You have to make sure that other important aspects like pay, responsibilities, designation etc are all at par with your expectations. If there is something you are not happy about, make sure that your recruiter is well aware about it in the very beginning. This saves the recruiter the embarrassment and you being branded as the “Unprofessional Candidate”.
Call your recruiter as soon as you are done with your interview. Give him your feedback before the client does. A good recruiter will always prefer getting your feedback before reaching out to the client to get his feedback. Use your recruiter to negotiate and express any concerns. This will help facilitate communication and allow some of the details to be handled at a more comfortable arm’s length.
Infact to build your relation with the recruiter, you should keep in touch with him and get some inside news about your industry hiring trends. But this doesn’t mean you pester him all the time, maybe every 6 months…you could call him or just drop in a mail to say hello.
Use social media to keep in touch; this is the best option you have today. Connect with your recruiter on LinkedIn, follow him on Twitter. Keep a track of his updates on social media. You never know he may just post an opening for your dream job one day.
Face Negative Feedback Positively
Many recruiters shy away from sharing negative feedback as many candidates don’t take the feedback positively. If your recruiter comes back with a negative feedback about your interview don’t be offended instead be professional and polite, this is for your own betterment. Being rejected on a particular opportunity could be to do with another stronger candidate in the process and not necessarily about you. You have to maintain your relation with the recruiter since he will be the same one who may land you your next job. It’s better to know about your flaws and work on them rather than living with it for life.
This is the most critical issue, which has to be handled carefully. If you have received more than one offer, it is generally best to let your recruiter know about it as soon as possible to avoid any complexities in the future.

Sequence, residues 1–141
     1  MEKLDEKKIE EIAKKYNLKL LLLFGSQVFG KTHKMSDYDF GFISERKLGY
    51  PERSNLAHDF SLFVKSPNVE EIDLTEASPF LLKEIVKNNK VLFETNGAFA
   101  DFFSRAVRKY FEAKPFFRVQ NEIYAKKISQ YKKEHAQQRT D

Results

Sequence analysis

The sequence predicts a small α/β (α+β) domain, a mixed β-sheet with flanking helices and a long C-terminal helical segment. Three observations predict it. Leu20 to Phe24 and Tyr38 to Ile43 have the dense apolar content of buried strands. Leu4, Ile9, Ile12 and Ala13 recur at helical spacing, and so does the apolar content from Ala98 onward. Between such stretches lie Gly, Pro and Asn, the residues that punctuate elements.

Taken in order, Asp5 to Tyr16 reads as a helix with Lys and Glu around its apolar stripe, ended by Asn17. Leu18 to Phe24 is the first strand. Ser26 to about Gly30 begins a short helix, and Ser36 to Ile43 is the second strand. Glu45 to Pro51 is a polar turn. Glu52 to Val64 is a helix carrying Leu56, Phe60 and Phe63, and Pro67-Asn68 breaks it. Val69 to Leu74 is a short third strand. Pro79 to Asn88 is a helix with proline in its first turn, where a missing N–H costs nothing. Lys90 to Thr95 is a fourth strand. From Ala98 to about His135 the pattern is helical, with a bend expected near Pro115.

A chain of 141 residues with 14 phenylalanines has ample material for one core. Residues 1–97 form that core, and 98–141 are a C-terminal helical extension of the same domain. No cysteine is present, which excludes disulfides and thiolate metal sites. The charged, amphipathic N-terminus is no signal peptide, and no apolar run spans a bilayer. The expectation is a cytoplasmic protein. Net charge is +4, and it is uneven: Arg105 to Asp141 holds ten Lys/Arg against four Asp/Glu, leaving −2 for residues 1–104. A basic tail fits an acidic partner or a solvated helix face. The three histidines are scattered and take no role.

Contemplating on an offer
The longer you take to make your decision, the more likely it is that the employer will think you are not committed and that they have, perhaps, made a wrong choice. We have even seen cases where, due to inordinate delay, employers have retracted offers of employment. Good recruiters also understand that delay in decision-making at this stage could mean you are hesitating; and we will very quickly put in alternate options from our “Favourite List”.
Courtesy of Antal International Executive Consultancy
Reduction Study (Ping Pong) examines how identity of an immigrant is constructed and denied at the same time. This work is a result of a research-based investigation into the specifics of foreign accent. As an immigrant who speaks English as a second language in the United States.
I am the main subject of this project. In an attempt to understand the concept of reducing one’s native accent and learn to speak like an American, I am using my body as a tool to research and experiment by enrolling myself to an accent reduction class. The voice-over is based on the findings of my research and my experience as an accent reduction class student. It also serves as a critique of racial stereotyping, hegemony as well as cultural globalization and standardization. Joanna Tam
Moscow | 03.12.13
Louis Vuitton made headlines in Russia due to the giant installation in the middle of Red Square in Moscow, as many complaints were filed b the visitors and Russian officials blasting the mammoth structure, claiming that it blocked the view of the city’s famed Saint Basil’s Cathedral.
The giant exhibition of the suitcase measure 102 feet and 30 feet high- was set to celebrate the luxury house to mark the 120th anniversary of Russian retail centre GUM.The launch party is now reported cancelled.
“In the opinion of some members of the public, the size of the exhibition pavilion turned out to exceed acceptable limits,”
The dismantling of the structure started to respect the views and the sentiments of the visitors and locals.